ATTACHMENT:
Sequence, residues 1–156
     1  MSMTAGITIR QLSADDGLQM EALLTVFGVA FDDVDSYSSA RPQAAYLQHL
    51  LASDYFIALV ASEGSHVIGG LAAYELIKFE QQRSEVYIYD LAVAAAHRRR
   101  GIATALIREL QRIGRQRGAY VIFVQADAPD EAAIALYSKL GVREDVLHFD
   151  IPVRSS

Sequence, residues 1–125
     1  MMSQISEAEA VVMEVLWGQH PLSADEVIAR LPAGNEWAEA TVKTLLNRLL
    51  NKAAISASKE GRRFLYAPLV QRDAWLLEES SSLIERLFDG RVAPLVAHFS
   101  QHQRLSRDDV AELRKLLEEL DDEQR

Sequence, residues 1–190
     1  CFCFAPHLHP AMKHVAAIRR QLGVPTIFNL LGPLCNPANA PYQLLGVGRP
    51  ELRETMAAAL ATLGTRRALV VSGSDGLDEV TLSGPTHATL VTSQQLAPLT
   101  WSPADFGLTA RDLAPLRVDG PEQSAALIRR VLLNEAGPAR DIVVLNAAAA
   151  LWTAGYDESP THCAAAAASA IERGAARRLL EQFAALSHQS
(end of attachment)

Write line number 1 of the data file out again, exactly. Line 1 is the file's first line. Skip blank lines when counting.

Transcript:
Sequence, residues 1–156